Crazy for Cast-Ons (Part 1): The Old Norwegian and Some "Tail Tips"
Remember my list of knitting resolutions? Number 1 was to learn the Old Norwegian Cast-On. Well I did, and I want you to learn it, too. I also learned some really cool tips for "tail management" when casting on, so keep reading to the bottom of the blog!
Back to the Norwegian: This cast-on forms a sturdy, very elastic foundation row. It's worked with two ends of yarn-one that comes from the working ball of yarn and the other that comes from the tail end of that same yarn (just like the long-tail cast-on).
Here's an illustrated tutorial, and if you want a video demo, there's one that follows. (I like the combo of the video and illustration so I can easily refer back to the illustrations if I need to.)
My friend Mimi showed me how to do this cast-on, and she let me shoot a video of her doing it for you! There's a lot of "twisty-turny" in this cast-on, so watch carefully!
I've had many comments on the Knitting Daily site about how great this cast-on is for top-down socks, so here is a link to our free sock pattern booklet: Knitting Socks with Knitting Daily: 5 Free Sock Knitting Patterns!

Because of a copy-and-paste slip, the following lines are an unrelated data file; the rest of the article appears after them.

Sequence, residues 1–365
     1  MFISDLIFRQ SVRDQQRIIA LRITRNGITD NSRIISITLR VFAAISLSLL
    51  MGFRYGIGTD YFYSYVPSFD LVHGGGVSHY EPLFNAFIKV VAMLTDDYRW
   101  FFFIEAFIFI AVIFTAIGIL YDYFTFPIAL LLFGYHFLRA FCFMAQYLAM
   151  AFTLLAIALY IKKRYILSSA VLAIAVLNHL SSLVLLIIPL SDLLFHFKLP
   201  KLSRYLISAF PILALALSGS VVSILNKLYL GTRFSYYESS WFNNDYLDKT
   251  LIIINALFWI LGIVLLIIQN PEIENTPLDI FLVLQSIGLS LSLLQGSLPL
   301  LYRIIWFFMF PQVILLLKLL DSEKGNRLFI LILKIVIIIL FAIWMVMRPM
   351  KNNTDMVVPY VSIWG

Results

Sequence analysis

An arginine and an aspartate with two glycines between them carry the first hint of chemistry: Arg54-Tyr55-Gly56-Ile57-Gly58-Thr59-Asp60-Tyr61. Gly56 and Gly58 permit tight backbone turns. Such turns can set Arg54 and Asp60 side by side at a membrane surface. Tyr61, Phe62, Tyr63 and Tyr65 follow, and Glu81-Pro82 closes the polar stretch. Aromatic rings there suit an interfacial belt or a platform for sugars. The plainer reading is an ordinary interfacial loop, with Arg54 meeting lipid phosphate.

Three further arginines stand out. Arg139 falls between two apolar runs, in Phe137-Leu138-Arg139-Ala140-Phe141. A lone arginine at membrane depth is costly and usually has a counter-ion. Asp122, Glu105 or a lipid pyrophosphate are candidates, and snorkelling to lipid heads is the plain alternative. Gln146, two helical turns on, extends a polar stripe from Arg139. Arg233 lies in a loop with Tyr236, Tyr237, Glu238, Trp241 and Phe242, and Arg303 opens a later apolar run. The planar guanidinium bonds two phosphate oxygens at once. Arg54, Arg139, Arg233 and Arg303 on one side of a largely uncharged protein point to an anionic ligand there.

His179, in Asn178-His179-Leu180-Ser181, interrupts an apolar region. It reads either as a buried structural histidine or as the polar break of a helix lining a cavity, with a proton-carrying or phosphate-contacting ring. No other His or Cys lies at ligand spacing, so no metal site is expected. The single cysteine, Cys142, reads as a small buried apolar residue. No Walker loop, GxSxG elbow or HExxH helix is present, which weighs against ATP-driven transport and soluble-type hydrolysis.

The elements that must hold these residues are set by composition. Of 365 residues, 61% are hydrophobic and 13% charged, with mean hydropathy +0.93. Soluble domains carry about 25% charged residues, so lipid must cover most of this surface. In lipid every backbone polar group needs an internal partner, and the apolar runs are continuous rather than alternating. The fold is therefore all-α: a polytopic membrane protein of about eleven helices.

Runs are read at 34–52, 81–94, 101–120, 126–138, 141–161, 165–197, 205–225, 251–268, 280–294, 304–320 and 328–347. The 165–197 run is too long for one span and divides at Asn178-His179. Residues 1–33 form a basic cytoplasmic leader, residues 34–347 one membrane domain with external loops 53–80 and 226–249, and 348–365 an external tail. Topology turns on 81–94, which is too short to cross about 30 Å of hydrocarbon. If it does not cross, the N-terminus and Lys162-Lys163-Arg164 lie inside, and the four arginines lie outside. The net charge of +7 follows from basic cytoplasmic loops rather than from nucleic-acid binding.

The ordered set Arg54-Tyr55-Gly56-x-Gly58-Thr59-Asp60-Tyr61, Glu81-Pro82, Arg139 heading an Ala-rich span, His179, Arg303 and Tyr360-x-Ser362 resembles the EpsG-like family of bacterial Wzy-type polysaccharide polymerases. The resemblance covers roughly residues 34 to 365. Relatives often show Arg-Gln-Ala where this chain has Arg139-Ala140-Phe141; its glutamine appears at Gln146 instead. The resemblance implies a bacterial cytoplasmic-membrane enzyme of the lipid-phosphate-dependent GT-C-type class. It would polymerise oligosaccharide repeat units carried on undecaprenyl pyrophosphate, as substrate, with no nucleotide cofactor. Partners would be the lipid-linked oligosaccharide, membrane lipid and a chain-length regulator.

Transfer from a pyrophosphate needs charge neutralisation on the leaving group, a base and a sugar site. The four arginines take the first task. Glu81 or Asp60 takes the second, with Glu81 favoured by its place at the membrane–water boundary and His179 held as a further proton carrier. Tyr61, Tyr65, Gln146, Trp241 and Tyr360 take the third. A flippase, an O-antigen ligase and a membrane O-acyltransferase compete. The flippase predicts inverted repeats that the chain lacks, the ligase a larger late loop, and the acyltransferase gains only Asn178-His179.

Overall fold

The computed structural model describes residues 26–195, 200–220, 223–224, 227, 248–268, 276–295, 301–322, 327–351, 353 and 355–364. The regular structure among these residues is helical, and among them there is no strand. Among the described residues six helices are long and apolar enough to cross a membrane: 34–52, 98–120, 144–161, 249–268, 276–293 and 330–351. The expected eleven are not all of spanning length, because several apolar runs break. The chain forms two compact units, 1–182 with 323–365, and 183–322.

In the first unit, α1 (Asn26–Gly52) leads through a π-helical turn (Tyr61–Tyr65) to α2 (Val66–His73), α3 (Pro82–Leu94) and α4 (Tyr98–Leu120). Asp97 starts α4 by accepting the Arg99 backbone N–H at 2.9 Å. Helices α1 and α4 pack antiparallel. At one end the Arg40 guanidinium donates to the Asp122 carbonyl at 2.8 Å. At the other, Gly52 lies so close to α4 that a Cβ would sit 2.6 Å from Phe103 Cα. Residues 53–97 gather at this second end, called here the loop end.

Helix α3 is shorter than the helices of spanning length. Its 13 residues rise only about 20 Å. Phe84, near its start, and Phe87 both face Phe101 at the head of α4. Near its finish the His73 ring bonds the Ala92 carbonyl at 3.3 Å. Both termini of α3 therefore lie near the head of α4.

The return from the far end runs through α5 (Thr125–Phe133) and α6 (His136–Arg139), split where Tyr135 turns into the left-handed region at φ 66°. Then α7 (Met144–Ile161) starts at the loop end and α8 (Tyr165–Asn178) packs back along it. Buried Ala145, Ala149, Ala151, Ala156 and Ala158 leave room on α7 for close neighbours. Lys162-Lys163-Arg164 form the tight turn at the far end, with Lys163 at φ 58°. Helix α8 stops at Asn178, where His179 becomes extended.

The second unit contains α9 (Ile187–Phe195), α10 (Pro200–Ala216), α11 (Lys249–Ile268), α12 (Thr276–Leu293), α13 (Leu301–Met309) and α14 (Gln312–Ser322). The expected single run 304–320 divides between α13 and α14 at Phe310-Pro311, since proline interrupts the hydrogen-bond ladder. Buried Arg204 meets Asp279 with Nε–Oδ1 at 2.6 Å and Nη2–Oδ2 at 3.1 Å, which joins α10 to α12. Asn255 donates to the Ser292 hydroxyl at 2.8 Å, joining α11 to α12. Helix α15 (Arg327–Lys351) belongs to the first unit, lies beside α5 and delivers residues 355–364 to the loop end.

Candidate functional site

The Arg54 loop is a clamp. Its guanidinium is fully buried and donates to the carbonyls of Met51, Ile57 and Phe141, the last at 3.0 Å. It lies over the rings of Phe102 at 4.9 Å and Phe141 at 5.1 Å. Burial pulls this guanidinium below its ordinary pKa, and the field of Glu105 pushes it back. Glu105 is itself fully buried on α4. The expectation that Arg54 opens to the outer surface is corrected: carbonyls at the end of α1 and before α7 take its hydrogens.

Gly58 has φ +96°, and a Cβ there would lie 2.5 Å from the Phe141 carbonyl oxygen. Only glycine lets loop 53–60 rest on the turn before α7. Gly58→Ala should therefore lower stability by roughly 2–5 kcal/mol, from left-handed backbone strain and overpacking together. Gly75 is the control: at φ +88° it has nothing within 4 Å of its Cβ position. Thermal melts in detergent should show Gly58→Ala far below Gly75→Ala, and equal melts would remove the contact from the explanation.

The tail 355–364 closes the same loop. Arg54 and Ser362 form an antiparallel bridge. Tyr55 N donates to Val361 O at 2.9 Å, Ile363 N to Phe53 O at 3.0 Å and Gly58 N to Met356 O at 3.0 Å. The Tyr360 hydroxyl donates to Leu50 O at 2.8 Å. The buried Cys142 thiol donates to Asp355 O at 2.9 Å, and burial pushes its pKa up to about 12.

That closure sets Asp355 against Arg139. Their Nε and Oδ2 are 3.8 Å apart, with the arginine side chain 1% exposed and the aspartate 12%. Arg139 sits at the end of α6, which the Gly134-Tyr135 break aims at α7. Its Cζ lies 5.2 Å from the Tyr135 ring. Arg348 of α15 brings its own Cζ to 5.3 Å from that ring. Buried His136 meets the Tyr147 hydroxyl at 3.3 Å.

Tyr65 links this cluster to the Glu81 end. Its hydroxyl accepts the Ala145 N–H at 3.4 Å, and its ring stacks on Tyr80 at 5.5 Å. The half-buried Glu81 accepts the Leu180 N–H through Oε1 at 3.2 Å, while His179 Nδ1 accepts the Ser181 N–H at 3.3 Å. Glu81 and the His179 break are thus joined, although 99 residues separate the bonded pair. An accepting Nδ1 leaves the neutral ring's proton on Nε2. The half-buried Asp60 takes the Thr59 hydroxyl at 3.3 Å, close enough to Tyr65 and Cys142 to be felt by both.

The Long Tail (and sometimes the not-long-enough tail!)
One of the questions I get a lot on the message boards is how to estimate the length of tail you need for a long-tail cast-on. I once had to cast on 790 stitches for a circular shawl. Eek! I used two balls of yarn to cast on, one for the tail and one for the working yarn, so I knew I wouldn't run out of yarn (I also placed a marker every 50 stitches so I only had to count to 790 once). See the video below for a demo of this technique.
Normally, though, I just leave an inch or so per stitch if I'm casting on to size 5 or larger needles, and a little less for smaller needles.
The following video shows several cast-on techniques and provides some tips, too. The segment is from Knitting Daily TV season 4 (which starts airing TODAY in Spokane, or get the whole season of DVDs here).
Part 2 of Crazy for Cast-Ons will come to you in February. We'll talk about provisional cast-ons in part 2, and I'll give you a couple of patterns to use to practice, too!